It’s not just the winner of the Golden Foot that will be announced on the day UEFA announce the group stage draw for the Champions League, but the winner of the Best Player in Europe Award.
Instituted in 2011, the award replaced the UEFA Club Footballer of the Year Award and is also meant to take the place of the Ballon D’Or, which was merged with the FIFA World Player of the Year in 2010.
The award is given to a player regarded to have been the best in his previous season of football. Irrespective of nationality, the award is only given to players who ply their trade in Europe.
This season, in addition to the much-expected presence of Lionel Messi and Cristiano Ronaldo, Bayern Munich winger Franck Ribery has made it to the final round of elimination for the coveted prize.
Lionel Messi: what did he do last season?
Messi swept up the Primera Liga’s pichichi award last season with an eye-watering 60 goals in all competitions. But with Barcelona breaking records in 2012-13, Messi’s sixty goals only counted for 46% of Barcelona’s goals last season.
But all Barca had to show for their attacking flair last season was the 2012-13 Liga title. They were infamously knocked out of the Champions League in a 7-0 humiliation by current holders Bayern Munich and were defeated 3-1 by Real Madrid at the Nou Camp as they were knocked out of the King’s Cup.
But Barcelona’s dependence on Messi seems to stem from good reason: he converted 29.7% of the chances he was presented with, or nearly a third of those that came his way. Taking a step back to do the math here that would mean that Messi had more than a hundred and eighty scoring opportunities over the course of last season.
That chance conversion rate is a five per cent jump from what it was the previous season while the net percentage of team goals that he scores has jumped up from 35% in 2009-10 to 46% last season, which shows how quickly he has occupied centre stage for the azulgrana, despite constant changes in team structure since then.
That shows, in a nutshell, how efficient he is as a player.
But it isn’t just the contributions with the football that makes Messi such a fearsome player. It is his very presence on the pitch that encourages his team mates to do better, whether it is for club or country.
With Argentina, he leapfrogged Diego Maradona – the man many have likened Messi to in terms of style of play, having labelled him his successor – on Argentina’s list of all-time top goal scorers and he is now joint second with Hernan Crespo and behind Gabriel Batistuta.
But the psychological presence that Messi commands is also one that strikes fears into opponents. In the quarter-finals of the Champions League, Barcelona were trailing 1-0 to Paris Saint-Germain at the Nou Camp and looked short of ideas, until Messi, who was still not fit, having picked up an injury in France, coming off the bench to help them equalise and send them to the semi-finals of the competition.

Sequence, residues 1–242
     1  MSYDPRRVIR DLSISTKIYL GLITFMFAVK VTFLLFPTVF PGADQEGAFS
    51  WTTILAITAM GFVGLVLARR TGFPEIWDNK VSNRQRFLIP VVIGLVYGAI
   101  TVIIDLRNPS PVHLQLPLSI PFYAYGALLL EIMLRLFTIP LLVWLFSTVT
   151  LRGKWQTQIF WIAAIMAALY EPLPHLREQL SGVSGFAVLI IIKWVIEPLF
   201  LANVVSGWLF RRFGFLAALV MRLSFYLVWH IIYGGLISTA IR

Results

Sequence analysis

What did he win?
Sadly, Messi only added one trophy to his bulging collection last season.
His Barcelona team broke records en route to winning the Primera Liga title, scoring 115 goals and reaching 100 points.
He also broke several records en route, including Gerd Muller’s records of the most number of goals scored in a calendar year (85) and the most number of goals scored in a season (67).
For his scoring achievements (46 in La Liga), he was given the season’s Pichichi award.
Why Messi should win the award
Messi is the best player in the world right now. That he has tirelessly delivered the goods for Barcelona, despite years on end without a substantial summer break because of his international commitments show how dedicated he is to the cause.
The focal point of a Barcelona team that has changed the way the world plays football, Messi’s presence in the team is one of the reasons (if not the primary reason) for the attacking successes of tiki-taka.
Despite all he has won, his best years are ahead of him and he is sure to scale greater heights.
Could he win the Best Player in Europe Award?
The traditionalists’ support has always been with Messi, but this time, his chances for doing so are diminished by the presence of the excellent Franck Ribery.
That Barcelona at times look clueless without Messi in their ranks is also cause for concern and that is something both he and the coaches at the club will need to resolve.
While he is still one of the favourites to win the award, he is in no way a frontrunner to be crowned last season’s Best Player in Europe.